Similarities and Differences of Animal Welfare Perceptions between U.S. Cow-Calf Producers and the Public

The U.S. livestock industry is increasingly faced with pressure to adjust practices in response to societal concerns. A specific area of growing concern surrounds how production practices impact the welfare of farm animals. The objective of this analysis is to use best-worst scaling (maximum difference) to determine which practices the U.S. public and cow-calf producers view as the most effective and most practical practices to improve the welfare of beef cattle in the U.S. In meeting this objective, we determine similarities and differences in the public and producer views. Random parameters logit and latent class models are used to better understand heterogeneity within and across both the public and producers. Results indicate that both the U.S. public and cow-calf producers viewed providing access to fresh, clean feed and water appropriate for the animal’s physiological state, and providing adequate comfort through the use of shade, windbreaks, and ventilation assuring clean, dry, sanitary environmental conditions for cattle as both the most effective and most practical practices to improve the welfare of beef cattle. The practices which were viewed as the least effective and least practical were to castrate male calves either within the first three months of age or with pain control, and dehorn/disbud calves either before horn tissue adheres to the skull or with pain control. Implications for future research, possible verification programs, and related debates regarding beef cattle welfare are provided.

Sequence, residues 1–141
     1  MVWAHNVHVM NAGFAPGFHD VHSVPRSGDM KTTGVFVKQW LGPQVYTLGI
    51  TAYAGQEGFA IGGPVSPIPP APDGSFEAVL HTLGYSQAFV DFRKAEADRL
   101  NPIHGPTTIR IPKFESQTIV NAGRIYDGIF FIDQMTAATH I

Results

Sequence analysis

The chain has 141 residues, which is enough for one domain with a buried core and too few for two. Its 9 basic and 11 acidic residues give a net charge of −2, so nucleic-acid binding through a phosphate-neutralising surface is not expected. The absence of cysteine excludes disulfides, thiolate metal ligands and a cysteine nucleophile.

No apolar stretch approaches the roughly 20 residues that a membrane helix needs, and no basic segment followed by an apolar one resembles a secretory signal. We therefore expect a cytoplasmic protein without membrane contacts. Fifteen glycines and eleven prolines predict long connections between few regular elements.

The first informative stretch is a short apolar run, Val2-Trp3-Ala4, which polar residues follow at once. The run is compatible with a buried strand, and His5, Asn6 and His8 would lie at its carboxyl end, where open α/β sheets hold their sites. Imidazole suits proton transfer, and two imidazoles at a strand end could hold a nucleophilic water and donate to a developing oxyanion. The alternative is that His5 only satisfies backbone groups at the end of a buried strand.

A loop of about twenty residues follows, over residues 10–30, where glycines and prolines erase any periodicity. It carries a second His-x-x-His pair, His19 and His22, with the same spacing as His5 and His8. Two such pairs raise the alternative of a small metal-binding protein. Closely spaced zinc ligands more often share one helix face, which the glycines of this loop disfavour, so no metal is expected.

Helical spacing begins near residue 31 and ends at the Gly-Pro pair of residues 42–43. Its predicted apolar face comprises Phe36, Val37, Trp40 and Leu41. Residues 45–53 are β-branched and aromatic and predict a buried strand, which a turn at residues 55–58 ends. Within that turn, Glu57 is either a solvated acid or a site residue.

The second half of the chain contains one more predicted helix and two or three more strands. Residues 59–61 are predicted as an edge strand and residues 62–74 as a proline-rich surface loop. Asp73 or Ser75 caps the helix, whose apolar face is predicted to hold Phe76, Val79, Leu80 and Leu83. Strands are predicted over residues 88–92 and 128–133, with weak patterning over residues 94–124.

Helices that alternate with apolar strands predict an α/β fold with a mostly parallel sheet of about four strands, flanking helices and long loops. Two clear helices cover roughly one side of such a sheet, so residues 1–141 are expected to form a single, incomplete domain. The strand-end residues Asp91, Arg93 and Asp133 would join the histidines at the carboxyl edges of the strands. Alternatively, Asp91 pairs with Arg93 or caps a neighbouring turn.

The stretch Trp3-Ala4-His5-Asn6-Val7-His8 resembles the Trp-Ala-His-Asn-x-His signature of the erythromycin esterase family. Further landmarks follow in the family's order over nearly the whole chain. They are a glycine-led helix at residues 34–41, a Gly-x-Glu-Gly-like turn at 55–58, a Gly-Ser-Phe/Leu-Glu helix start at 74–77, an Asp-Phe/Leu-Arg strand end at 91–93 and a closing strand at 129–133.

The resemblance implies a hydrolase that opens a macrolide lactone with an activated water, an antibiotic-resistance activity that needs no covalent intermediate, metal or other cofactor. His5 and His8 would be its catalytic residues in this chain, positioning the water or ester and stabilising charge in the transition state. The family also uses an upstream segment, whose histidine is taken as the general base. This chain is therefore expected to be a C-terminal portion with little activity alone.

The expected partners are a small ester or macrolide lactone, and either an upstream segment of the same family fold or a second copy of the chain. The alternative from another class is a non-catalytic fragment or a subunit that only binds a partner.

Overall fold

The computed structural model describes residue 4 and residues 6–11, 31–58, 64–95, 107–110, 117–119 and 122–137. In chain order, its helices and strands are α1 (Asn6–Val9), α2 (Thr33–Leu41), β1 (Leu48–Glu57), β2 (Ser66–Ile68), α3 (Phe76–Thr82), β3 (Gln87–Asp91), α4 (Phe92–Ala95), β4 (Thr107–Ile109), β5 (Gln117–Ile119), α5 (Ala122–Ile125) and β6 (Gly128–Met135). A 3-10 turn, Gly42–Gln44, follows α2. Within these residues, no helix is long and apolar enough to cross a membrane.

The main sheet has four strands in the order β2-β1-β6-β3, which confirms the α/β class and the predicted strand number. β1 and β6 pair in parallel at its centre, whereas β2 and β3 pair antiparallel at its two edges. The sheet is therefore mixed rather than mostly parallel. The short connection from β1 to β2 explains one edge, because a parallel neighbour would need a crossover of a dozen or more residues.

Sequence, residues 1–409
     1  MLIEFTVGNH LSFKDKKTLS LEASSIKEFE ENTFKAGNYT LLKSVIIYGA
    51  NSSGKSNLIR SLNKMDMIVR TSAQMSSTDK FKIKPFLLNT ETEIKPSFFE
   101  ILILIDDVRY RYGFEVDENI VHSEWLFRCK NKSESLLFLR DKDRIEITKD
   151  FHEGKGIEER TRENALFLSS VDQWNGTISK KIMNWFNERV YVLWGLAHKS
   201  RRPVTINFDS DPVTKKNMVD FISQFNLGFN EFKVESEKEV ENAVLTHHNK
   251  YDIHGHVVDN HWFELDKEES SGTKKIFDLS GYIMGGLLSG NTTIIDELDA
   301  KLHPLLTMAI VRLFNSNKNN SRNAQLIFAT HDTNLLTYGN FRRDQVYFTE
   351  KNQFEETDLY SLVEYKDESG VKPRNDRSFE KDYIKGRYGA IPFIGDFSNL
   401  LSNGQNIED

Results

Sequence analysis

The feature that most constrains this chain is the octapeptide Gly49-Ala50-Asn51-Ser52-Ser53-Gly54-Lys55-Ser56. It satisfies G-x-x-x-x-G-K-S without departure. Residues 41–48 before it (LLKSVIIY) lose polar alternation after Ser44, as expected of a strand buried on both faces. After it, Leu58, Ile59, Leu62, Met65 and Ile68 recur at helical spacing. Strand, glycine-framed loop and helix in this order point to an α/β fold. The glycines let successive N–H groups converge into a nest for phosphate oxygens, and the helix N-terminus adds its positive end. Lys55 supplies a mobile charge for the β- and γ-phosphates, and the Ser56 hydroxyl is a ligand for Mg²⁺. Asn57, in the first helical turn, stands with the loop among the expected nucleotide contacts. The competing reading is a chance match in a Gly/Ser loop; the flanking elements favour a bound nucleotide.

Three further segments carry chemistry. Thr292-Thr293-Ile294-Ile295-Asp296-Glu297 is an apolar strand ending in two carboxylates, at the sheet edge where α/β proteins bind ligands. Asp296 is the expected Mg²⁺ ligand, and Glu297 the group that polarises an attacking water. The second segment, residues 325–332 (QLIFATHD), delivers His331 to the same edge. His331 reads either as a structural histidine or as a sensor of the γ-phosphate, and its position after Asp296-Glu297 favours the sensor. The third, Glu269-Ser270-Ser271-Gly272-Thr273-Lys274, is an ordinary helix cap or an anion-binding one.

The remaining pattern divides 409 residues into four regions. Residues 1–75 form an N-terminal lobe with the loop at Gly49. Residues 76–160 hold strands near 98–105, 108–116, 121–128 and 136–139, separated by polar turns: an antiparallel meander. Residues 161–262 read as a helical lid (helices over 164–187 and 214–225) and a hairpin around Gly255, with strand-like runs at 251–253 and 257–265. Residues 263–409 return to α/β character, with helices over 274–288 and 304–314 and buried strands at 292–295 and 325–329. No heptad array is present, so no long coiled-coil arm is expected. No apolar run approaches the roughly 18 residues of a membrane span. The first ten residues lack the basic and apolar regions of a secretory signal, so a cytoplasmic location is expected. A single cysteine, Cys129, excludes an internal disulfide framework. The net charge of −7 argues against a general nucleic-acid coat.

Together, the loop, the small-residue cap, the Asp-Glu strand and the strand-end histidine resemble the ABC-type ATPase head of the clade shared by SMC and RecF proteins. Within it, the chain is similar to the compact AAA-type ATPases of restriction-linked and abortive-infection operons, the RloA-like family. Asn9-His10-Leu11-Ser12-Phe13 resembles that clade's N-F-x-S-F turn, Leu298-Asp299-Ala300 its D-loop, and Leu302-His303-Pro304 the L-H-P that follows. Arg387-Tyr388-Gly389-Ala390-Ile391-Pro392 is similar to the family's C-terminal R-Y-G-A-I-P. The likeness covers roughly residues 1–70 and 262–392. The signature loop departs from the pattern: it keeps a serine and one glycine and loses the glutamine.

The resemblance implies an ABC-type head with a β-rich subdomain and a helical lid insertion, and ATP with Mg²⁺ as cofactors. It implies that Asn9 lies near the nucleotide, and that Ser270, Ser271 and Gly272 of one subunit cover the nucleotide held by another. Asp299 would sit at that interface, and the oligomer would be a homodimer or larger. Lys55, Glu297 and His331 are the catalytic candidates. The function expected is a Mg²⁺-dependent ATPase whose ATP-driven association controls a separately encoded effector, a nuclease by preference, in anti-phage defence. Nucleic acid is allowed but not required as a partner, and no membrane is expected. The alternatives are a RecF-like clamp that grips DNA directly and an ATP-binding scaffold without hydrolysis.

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JEL Codes:
Q00; Q11; Q13; Q16; Q19

 Record created 2017-04-01, last modified 2020-10-28

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